Nancy Powell’s meeting with Narendra Modi drew mixed reactions in the United States, with some welcoming engagement with a controversial and troubling politician who could well become the next Prime Minister…
As US officials downplayed ambassador Nancy Powell’s meeting with Bharatiya Janata Party’s Prime Ministerial candidate Narendra Modi, as part of a broader political outreach, an influential daily welcomed it as a “pragmatic step”.
“This was a meeting as part of her broader and the embassy’s broader outreach to a whole host of political actors in India,” State Department spokesperson Marie Harf told reporters, “as we’ve said for several days now.” The spokesperson also repeated that the meeting did not indicate a change in US visa policy for the Gujarat Chief Minister and that the US “will work closely with whatever Government the Indian people choose in the upcoming election”. Harf said it was also “actually not true” that no American officials had previously met Modi since his visa was revoked in 2005 for his alleged complicity in the 2002 Gujarat riots. The current US consul general in Mumbai and previous CGs have met the BJP leader in the past.
Meanwhile, the New York Times editorially welcomed the Powell-Modi meeting as a “pragmatic step in engaging with India and the controversial and troubling politician who could well become the next Prime Minister after elections in May.” In an editorial titled “More Engagement With India” the Times said Powell’s meeting with Modi “was part of a renewed American effort to reach out to politicians across India’s political spectrum.”
“Such moves are long overdue,” it said, suggesting, “President Obama has not paid as much attention to India as President George W. Bush, a serious oversight given India’s central role as a democratic anchor in South Asia and its developing relationship with Japan.”
Noting that the India-US “relationship is under serious strains, including a trade dispute over solar panels and a row over a diplomat who was charged with visa fraud,” the daily said: “It is in no one’s interest to let these tensions fester.” “Regardless of who succeeds Prime Minister Manmohan Singh this year, the United States and India have a lot of work to do to strengthen their partnership,” it said, adding, “Opening a door to a relationship with Mr. Modi is a necessary step.” However, Coalition Against Genocide (CAG), a US-based group that came together after the Gujarat riots, has expressed “disappointment at the hype over the US administration’s outreach to infamous Gujarat Chief Minister Narendra Modi.” “We do not believe Ms. Powell’s meeting with Modi serves any purpose other than providing the Modi camp some sound bites for use in the election campaign,” said Shaik Ubaid, a CAG spokesperson.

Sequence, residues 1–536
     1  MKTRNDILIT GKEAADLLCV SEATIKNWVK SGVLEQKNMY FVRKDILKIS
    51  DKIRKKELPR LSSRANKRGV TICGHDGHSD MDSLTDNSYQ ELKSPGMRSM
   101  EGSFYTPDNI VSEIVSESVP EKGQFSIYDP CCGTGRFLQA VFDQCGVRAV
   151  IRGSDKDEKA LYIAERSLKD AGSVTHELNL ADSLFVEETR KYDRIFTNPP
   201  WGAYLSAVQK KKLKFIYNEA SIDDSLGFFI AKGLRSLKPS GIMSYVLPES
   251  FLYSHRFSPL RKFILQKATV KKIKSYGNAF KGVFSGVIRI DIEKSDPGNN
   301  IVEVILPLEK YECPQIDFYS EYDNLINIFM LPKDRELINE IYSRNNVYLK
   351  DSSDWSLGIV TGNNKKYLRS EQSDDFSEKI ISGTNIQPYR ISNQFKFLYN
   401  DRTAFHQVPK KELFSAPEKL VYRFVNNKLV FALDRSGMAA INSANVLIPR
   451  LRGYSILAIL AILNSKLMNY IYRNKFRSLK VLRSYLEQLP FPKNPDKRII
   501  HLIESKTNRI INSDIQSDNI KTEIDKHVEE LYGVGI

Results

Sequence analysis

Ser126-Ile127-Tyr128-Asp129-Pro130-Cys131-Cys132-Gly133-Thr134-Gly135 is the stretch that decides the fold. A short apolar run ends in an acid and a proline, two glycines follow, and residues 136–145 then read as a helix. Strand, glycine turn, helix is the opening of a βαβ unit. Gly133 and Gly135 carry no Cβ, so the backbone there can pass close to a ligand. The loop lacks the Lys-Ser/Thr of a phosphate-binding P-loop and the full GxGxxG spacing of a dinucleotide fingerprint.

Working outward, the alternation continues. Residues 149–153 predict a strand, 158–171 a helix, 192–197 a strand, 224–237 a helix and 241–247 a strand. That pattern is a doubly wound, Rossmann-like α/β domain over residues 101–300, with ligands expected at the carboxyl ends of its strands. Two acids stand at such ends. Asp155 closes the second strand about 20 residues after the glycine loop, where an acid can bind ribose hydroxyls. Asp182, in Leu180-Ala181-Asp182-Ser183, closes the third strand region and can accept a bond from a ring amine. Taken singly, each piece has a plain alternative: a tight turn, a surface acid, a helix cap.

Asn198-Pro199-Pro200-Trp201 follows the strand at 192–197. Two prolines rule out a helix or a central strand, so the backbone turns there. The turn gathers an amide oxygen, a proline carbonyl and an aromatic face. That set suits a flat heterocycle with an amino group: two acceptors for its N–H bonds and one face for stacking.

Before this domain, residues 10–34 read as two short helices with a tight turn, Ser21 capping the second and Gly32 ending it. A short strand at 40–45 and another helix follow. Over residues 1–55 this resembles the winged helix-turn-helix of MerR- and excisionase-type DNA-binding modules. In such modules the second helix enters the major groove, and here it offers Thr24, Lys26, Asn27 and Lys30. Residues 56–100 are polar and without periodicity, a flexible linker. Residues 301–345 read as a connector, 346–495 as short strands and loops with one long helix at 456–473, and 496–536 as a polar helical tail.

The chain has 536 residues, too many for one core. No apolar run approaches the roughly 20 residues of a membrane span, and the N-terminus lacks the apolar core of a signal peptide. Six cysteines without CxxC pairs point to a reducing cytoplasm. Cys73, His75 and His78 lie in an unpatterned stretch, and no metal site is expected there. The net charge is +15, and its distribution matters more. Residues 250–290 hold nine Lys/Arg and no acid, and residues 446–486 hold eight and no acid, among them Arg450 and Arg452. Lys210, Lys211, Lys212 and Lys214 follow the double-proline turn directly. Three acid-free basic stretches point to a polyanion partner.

‘Time’ sees Narendra Modi as ‘America’s Other India Problem’
After India’s “nasty spat” with US over diplomat Devyani Khobragade, the emergence of Narendra Modi could cause more tension between the two nations, says Time magazine. After the “nasty spat” between India and US over an Indian diplomat, the emergence of Narendra Modi, Bharatiya Janata Party’s Prime Ministerial candidate, may cause even more tension between them, according to Time magazine. Indian diplomat Devyani Khobragade, whom US authorities charged with visa fraud involving her maid, has returned to India after being granted diplomatic immunity, the influential magazine noted in its 27 January issue.
“But don’t expect the relationship to rebound quickly,” Michael Crowley wrote suggesting “In fact, the atmosphere could soon become even more tense – over a far more prominent Indian also embroiled in a visa controversy.” Suggesting that the BJP “holds the edge” in the upcoming general election by May, he said that “If the BJP prevails, Modi will be India’s next Prime Minister. “Yet he is persona non grata in the US,” he noted “because of his alleged role in a horrific episode of sectarian violence in February 2002.” “Modi’s critics say he condoned or even encouraged the violence – accusations he stoutly denies and for which no Indian court has found him responsible,” Time noted.
In 2005, the State Department revoked Modi’s visa under an American law that bars a foreign official who “was responsible for or directly carried out … particularly severe violations of religious freedom,” Crowley recalled. “When Modi had no national profile, the restriction was inconsequential. But canWashington blacklist the leader of India?” he asked. US policymakers are divided, he noted. “A resolution introduced in November in the US Congress calls on the State Department to continue denying Modi entry. It has attracted 43 Congressional co-sponsors, including two Muslims.”
“Realists, and US business leaders wishing to capitalise on Modi’s openness to foreign investment, say his character should only be a footnote to Washington’s wider relations with New Delhi,” Crowley wrote. “Should Modi win, the Obama Administration will be pressured by many at home and abroad to condemn his past and prevent him from visiting the US. But (President Barack) Obama has tended to subordinate principle to the national interest,” he suggested. Noting that “Over the years, the US has done business with plenty of unsavoury leaders, in countries far less friendly than India,” Time said, “By revoking Modi’s visa, theUS Government has made clear its view of him and the Gujarat rampage.” “But Washington’s ties with New Delhi are too important to be confined through that prism if Modi becomes PM,” it said, suggesting “Both countries need to step forward and not allow Modi’s past to push them back.”